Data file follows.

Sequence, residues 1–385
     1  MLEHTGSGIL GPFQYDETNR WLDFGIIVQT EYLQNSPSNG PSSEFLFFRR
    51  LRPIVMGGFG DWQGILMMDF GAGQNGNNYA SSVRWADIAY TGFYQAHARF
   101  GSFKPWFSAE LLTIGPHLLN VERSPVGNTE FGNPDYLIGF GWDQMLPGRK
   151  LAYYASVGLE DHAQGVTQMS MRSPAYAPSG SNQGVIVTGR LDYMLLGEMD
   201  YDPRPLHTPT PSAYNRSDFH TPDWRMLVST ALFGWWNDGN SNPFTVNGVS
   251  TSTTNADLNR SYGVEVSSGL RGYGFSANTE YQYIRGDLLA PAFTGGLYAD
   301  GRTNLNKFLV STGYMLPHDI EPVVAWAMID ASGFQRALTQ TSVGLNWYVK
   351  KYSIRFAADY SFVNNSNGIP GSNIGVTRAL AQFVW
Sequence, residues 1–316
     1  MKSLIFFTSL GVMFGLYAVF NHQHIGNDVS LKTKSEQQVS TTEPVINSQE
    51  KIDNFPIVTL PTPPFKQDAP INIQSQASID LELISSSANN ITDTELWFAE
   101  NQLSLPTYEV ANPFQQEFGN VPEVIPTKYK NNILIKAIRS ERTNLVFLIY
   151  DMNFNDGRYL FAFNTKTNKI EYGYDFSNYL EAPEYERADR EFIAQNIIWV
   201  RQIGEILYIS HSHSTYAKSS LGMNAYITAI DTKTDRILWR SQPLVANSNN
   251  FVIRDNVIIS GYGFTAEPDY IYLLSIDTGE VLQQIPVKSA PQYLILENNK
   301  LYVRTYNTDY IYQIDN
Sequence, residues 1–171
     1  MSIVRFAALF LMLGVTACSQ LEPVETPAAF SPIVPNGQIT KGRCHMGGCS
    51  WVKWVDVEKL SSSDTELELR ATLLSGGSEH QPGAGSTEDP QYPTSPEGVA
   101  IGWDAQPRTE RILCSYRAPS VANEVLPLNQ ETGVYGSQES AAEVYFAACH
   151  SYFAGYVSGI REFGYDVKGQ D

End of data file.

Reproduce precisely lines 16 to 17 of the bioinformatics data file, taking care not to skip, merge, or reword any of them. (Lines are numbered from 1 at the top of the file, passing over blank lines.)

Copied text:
   251  FVIRDNVIIS GYGFTAEPDY IYLLSIDTGE VLQQIPVKSA PQYLILENNK
   301  LYVRTYNTDY IYQIDN